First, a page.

At the same time Origen identifies John in the place of Ignatius as the little child raised by Jesus in Matthew 18:2,3 and similar narratives. As Francesca Cocchini (Catechesis of the Good Shepherd p. 105) "Origen notes that Jesus did not invite the disciples to receive children in general, but one particular individual, ie, 'this child,' the one 'whom Jesus took and placed by His side.'" Many have noted before me that the Alexandrian tradition has always seemed to identify St. Mark with John Mark of Acts.

 As such there is very strong reasons for supposing that this was a tradition associated with the first bishop of Alexandria. Moreover Clement's repeated and explicitly mystical interest in the same passage inevitably hints at much the same equation.  There are also passages in the Homilies of St. Mark of Severus of Al'Ashmunein who confirm the identification.  Yet perhaps the perpetuation of a small throne - properly sized only for a child - is the greatest living symbol of this conception.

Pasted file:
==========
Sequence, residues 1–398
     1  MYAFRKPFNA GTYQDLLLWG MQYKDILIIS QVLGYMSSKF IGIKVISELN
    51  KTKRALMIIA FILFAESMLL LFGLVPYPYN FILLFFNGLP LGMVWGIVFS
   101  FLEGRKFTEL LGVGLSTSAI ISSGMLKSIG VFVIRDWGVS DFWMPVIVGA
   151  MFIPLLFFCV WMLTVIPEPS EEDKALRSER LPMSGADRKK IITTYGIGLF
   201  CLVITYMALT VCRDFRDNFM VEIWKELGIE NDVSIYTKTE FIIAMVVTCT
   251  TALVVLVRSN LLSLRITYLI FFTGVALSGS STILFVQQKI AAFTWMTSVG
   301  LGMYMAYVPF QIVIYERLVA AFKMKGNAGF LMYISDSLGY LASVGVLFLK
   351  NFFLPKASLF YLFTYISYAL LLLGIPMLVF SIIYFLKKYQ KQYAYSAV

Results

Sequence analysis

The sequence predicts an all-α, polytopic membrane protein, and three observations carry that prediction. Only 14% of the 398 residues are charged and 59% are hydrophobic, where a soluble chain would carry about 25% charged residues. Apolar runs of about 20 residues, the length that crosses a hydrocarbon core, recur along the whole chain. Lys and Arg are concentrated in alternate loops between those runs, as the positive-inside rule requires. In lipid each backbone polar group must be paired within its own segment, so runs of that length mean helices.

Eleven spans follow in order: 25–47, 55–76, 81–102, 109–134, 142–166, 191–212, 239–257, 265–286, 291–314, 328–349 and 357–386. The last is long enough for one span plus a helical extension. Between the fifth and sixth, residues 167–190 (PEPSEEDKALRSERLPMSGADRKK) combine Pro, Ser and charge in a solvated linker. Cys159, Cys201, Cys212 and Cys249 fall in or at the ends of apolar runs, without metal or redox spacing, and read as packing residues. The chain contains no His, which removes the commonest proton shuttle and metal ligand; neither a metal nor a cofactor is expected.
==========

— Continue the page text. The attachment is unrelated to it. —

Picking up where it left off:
As Clement notes somewhere "And on the disciples, striving for the pre-eminence, He enjoins equality with simplicity, saying that they must become as little children.   Likewise also the apostle writes, that no one in Christ is bond or free, or Greek or Jew. For the creation in Christ Jesus is new, is equality, free of strife— not grasping— just. For envy, and jealousy, and bitterness, stand without the divine choir. Thus also those skilled in the mysteries forbid to eat the heart ... [Strom 5.5]

I will demonstrate Clement's notions of the mystical significance of the holding up of the divine child in my next post.  But to take this back to the original question - how can it be that the surviving text of Irenaeus is deemed to have been from the Commodian period when Book Three only witnesses the existence of a single a single episcopal line in Roman history?  This is a fundamental difficulty which isn't easily over come.  It is only our inherited prejudices which overlook the testimony of near contemporaries.